45 women, children killed in Homs massacre, Syrian opposition says
At least 45 women and children have been stabbed and burned to death in the Syrian city of Homs, opposition activists said Monday.
The massacre took place late Sunday after peace talks between a U.N. special envoy and the Syrian regime failed to result in a cease-fire, activists said.
The killing occurred in the Karm al Zaytoun neighborhood, according to the Local Coordination Committees of Syria, an opposition network. The Adawiya neighborhood of Homs was also involved, according to the London-based Syrian Network for Human Rights.
Children were stabbed to death in front of their mothers, and women and girls were sexually assaulted and then shot, the human rights network said.
Hadi Abdallah, a spokesman for the opposition Syrian Revolution General Council, said the attacks occurred after “Syrian forces and thugs” stormed homes.
Life and death under Syria’s military onslaught
The LCC called the killings a “massacre orchestrated by the regime” of President Bashar al-Assad.
Another 108 people were killed Sunday nationwide, activists said.
The death toll for Monday was 14 by afternoon, the Syrian Network for Human Rights said. The deaths included five members of the rebel Free Syrian Army in Damascus; three people in Daraa, including two 15-year-old boys; three people in Idlib; one in Aleppo; and two in Raqqa, who were shot when security forces stormed their houses, the network said.
Activists say no optimism for peace
Tuesday will be an official day of mourning across Syria, the LCC said.
“Tomorrow stores should remain closed; work, universities, and schools should not be attended; and streets should be blocked,” the group said in a statement. “We urge everyone to participate, even if only symbolically, by wearing black ribbons, raising black flags, or wearing black.”
After sunset Sunday, a live video feed online from opposition activists showed bodies from the Homs massacre.
The Syrian Network for Human Rights described a scene of brutality, saying the men were separated from the women and children and “systematically tortured” for hours. Some were sprayed with gasoline and set afire, while others were shot, the network said.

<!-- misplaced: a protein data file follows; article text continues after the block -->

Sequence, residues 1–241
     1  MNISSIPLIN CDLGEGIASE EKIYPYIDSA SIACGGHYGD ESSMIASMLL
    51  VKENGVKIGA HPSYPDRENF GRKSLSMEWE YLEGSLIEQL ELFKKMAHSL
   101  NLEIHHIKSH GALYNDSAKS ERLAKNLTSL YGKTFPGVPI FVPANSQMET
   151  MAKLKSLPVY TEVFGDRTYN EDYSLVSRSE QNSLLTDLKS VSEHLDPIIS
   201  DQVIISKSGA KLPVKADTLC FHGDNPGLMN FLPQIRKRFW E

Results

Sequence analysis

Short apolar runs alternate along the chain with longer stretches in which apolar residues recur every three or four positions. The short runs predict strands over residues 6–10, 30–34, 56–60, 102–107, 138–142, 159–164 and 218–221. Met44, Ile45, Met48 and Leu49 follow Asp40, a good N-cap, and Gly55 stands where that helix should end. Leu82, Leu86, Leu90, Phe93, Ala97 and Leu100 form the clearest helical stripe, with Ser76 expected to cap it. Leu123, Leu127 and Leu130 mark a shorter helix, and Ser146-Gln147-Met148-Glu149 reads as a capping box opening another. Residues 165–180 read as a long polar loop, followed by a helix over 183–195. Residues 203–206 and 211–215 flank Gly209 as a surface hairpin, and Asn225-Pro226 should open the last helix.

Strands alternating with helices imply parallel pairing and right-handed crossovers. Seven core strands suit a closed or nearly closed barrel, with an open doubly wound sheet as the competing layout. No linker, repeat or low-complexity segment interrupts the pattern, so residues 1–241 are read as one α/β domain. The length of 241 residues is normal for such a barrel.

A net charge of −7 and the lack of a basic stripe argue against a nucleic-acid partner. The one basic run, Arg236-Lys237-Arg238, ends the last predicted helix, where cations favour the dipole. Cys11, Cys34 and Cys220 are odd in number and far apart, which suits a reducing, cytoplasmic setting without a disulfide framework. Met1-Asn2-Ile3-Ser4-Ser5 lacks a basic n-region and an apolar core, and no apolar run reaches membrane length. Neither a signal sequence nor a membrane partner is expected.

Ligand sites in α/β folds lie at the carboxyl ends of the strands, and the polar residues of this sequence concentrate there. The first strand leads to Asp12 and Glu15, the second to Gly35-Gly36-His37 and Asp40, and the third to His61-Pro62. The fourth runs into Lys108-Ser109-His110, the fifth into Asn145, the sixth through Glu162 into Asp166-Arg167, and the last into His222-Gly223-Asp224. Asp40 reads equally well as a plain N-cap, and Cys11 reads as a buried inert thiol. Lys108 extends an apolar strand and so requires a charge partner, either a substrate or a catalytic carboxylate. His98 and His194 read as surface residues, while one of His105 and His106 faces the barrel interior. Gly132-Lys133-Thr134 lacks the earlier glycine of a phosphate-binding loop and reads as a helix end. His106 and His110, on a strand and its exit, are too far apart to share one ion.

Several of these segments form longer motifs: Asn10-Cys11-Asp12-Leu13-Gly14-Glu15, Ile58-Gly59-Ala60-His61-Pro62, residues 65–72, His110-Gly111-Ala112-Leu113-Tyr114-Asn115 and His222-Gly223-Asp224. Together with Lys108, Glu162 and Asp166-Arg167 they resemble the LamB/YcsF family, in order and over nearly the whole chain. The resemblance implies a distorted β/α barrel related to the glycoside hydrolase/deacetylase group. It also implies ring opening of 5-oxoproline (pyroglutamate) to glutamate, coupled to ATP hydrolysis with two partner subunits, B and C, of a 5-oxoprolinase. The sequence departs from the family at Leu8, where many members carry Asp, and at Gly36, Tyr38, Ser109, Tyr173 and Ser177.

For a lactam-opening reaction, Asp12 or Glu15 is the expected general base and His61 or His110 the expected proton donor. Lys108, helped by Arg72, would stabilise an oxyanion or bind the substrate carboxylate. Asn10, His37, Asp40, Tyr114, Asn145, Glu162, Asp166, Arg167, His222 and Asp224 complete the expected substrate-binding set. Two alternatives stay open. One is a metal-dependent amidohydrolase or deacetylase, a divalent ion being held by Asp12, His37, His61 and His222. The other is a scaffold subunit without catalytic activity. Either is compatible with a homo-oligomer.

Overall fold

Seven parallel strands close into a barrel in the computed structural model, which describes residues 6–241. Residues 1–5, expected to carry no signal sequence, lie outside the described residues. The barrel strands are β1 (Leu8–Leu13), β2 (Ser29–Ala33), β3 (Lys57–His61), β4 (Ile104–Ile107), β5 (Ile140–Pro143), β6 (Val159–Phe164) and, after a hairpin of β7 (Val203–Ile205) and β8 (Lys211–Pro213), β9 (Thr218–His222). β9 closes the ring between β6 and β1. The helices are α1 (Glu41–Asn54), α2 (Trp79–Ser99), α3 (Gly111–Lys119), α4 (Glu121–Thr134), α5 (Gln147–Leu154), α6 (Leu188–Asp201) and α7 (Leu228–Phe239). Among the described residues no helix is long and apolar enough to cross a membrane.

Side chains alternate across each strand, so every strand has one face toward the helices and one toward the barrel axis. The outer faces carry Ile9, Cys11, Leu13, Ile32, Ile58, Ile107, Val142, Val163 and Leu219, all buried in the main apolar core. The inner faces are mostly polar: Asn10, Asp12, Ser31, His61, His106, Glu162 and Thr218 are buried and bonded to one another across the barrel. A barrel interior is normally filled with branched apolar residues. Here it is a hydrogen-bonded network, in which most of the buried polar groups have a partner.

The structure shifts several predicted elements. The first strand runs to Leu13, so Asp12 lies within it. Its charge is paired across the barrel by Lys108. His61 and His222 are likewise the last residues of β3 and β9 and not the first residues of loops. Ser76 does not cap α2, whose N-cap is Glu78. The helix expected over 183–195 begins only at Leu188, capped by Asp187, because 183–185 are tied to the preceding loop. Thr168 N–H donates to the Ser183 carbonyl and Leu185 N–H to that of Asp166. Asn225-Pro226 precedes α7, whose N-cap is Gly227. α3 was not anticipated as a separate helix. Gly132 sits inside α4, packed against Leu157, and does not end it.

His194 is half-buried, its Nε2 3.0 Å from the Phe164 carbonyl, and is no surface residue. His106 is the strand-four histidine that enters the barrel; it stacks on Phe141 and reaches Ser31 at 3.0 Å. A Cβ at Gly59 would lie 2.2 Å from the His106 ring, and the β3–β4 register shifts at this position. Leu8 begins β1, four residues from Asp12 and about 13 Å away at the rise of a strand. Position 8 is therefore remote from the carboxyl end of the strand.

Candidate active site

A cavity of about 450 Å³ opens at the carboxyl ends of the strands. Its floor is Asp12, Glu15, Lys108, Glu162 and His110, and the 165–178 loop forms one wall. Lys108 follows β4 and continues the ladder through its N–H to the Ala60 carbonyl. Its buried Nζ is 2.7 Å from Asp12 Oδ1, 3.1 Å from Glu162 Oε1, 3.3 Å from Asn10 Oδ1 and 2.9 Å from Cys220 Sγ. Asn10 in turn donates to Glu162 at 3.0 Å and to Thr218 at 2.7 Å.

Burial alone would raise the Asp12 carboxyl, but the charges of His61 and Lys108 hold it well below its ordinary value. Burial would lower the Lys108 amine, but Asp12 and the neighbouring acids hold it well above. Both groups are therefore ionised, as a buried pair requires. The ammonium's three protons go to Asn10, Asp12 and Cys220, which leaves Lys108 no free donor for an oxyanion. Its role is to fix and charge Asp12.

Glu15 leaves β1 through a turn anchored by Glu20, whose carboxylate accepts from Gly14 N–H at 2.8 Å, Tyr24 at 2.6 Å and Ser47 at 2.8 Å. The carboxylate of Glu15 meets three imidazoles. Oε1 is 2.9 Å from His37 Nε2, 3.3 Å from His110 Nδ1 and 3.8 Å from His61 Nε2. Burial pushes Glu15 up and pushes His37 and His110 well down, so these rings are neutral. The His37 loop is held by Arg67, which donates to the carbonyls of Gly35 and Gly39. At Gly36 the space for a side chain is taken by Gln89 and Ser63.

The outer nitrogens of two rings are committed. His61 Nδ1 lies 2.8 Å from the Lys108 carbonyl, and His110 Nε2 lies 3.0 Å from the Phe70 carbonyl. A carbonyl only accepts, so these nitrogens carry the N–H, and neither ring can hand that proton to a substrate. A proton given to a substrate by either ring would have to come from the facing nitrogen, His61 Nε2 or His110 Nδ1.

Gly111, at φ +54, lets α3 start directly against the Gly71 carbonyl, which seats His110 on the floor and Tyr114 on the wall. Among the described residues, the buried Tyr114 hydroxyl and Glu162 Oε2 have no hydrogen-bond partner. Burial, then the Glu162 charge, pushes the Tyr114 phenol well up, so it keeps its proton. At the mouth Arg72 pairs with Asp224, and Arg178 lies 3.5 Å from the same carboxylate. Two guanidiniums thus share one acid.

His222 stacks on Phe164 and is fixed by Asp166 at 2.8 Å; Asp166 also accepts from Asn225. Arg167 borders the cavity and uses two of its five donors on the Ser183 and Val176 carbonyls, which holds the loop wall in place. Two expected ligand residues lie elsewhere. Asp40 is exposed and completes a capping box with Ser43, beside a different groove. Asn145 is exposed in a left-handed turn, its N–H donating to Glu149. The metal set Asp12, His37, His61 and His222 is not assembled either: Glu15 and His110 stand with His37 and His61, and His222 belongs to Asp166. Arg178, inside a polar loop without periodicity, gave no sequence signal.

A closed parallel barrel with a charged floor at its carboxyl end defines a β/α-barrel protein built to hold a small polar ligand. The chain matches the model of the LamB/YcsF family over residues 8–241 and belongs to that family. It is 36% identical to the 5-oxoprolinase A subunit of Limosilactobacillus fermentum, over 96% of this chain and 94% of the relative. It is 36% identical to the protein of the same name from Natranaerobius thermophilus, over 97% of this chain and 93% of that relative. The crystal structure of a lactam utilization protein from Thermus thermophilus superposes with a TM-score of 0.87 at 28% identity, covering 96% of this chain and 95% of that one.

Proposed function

Activists recovered 31 bodies, the human rights network said. Others were burned, and still others were taken to unknown locations by security forces.
Syrian state-run media said the bodies shown were killed by “armed terrorist groups,” which the government blames for the violence in the nearly year-long uprising.
“The terrorist armed groups have kidnapped scores of civilians in the city of Homs, central Syria, killed and mutilated their corpses and filmed them to be shown by media outlets,” the state-run Syrian Arab News Agency reported.
On Monday morning, state-run TV aired a montage of telephone calls reportedly from Homs. The anchor listened to callers denouncing the killings and blaming the Karm al Zaytoun massacre on what they called anti-government armed gangs.
One caller, identified as Fouad Suleiman, said “the armed gangs” killed his cousin.
“They kidnapped him few months ago, asked for a 2 million Syrian pounds ($34,900) ransom, and then they killed him because we couldn’t pay,” the caller said. “They killed him because he refused to join the demos, because he was pro-government.”
The state-run news agency reported that 15 army and law enforcement “martyrs” targeted by armed terrorist groups were buried Monday.
CNN cannot independently confirm reports of casualties or attacks in Syria because the government has severely restricted the access of international journalists.
But the majority of reports from inside Syria indicate the regime is slaughtering civilians to wipe out dissidents seeking al-Assad’s ouster. The al-Assad family has ruled Syria for more than four decades.
The latest reports of carnage came after Kofi Annan, the U.N. special envoy to Syria, left the country Sunday following two days of talks with al-Assad.
On Saturday, Annan proposed a cease-fire, the release of detainees and unfettered access to agencies such as the Red Cross to deliver aid, a U.N. statement said.
“It’s going to be tough, it’s going to be difficult, but we have to have hope,” Annan said after Sunday’s meeting with al-Assad.